Gallows Tamkin House, 242m south-west of Cardinal House.
Reasons for Designation
The provision of clean water has been seen as a public responsibility since early times. The earliest water-supply systems in Britain were built during the Roman period. Aqueducts supplied civil and military centres from wells, springs and impounded sources. Medieval water systems were constructed for monasteries as early as the twelfth century, and similar conduit systems were built for some medieval towns. Early supplies depended on gravitational flow from a spring to a conduit head. Conduits were pipes or channels used to convey and transport the water. Some conduits, such as that at Exeter in the 14th and 15th centuries, were laid underground, whilst others, such as Wells, ran in the street. The spring was sometimes covered by a conduit house; a small building used to help safeguard and regulate the supply. Tamkin houses could also be placed along the route of the conduit in order to provide access points, where sections of the water supply could be plugged off and isolated, to carry out repairs.
Despite some later repair work and restoration, Gallows Tamkin House survives well. It is of historic interest as part of the water supply system to a Tudor royal palace, which was technically sophisticated for its time. In comparison to an earlier conduit for Henry VII at Eltham, it provided water at a much higher pressure, allowing the provision of running water in Hampton Court at second floor level. The monument will contain archaeological information relating to the mid 16th century construction and engineering of the conduit as well as its subsequent use. It has group value with Coombe Conduit House, Gallows Conduit House and Ivy Conduit House, buildings that formed part of the same supply system, and Hampton Court, the royal palace which the conduit supplied.
This record has been generated from an "old county number" (OCN) scheduling record. These are monuments that were not reviewed under the Monuments Protection Programme and are some of our oldest designation records. This record was the subject of a minor enhancement on 25 March 2015.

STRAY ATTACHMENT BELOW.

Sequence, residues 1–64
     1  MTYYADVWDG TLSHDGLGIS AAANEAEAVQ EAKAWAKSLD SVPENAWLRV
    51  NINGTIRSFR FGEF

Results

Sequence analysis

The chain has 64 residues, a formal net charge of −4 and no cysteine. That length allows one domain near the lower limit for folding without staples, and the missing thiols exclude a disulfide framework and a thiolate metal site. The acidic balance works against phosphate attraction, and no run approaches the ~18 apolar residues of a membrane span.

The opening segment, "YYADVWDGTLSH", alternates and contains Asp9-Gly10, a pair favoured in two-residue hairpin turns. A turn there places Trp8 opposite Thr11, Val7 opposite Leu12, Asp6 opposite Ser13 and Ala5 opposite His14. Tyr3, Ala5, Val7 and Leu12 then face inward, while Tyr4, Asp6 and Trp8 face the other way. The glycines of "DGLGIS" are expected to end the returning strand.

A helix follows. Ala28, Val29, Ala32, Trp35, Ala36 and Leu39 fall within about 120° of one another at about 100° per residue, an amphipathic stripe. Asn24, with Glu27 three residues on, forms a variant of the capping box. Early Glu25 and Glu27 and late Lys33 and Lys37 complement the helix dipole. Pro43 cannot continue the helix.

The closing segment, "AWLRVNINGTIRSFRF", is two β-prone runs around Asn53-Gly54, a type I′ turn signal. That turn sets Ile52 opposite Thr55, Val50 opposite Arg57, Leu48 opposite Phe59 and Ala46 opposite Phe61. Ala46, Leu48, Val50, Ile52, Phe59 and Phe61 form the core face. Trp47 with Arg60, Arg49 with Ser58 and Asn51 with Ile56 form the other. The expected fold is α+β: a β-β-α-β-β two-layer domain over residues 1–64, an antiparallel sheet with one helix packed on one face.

The monument includes a mid 16th century tamkin house and conduit, traditionally known as Gallows Tamkin, surviving as upstanding remains and below-ground remains. It is situated on a gentle south-west facing slope at Coombe Wood Golf Course, near Kingston Upon Thames.
The tamkin house was part of the water supply system for Hampton Court Palace, providing an access point for isolating part of the conduit during repair work. It is a single-storey red brick building with a gabled roof which is steeply pitched and tiled. The building is rectangular in plan and is about 2.7m long by 1.9m wide internally. The front (south) elevation has a restored four-centred stone archway and stone block jambs with a slit window above. Five steps lead into the interior, which has a floor constructed of roof tiles laid on edge. None of the original fixtures are visible. The brick walls have been partially restored.
Gallows Tamkin House was constructed in 1538-40 as part of a new conduit to provide Hampton Court Palace with water from springs at Coombe about 5km to the north-east. An existing conduit had been established at Hampton village by one of the previous owners, Sir Giles Daubeney or Thomas Wolsey. However following the acquisition of Hampton Court by King Henry VIII, there was need for a greater supply of water, maintained at a higher pressure. After the suppression of Merton Priory in 1538, land was set aside in upper Kingston for a new water supply system. A summary account covering the period 1538-45, mentions ‘charges of the condyte from Combhill’ and also a sum of £100 spent on the construction. The water was collected at the head of the springs in Coombe, in water tanks covered by secure brick buildings known as conduit houses. There were three conduit houses known as Coombe Conduit House, Gallows Conduit House, and Ivy Conduit House, all of which survive and form separate Scheduled Monuments. The water flowed under gravity in underground lead pipes to the Palace. The route of the pipes passed under the rivers Hogsmill and Thames via several tamkin houses. These were small brick buildings with stopcocks and expansion tanks that allowed part of the pipe to be isolated so leaks could be identified and repaired. Gallows Tamkin House is the only tamkin house still standing. There are records of repair work to the conduit in the early 17th century and early 18th century. In 1742 the Office of Works ordered a survey of the conduit and undertook a major overhaul to increase its efficiency. It continued to supply Hampton Court until 1876. Gallows Tamkin House was incorporated into the grounds of Coombe Wood Golf Course in 1904.
The upstanding remains are Grade II listed.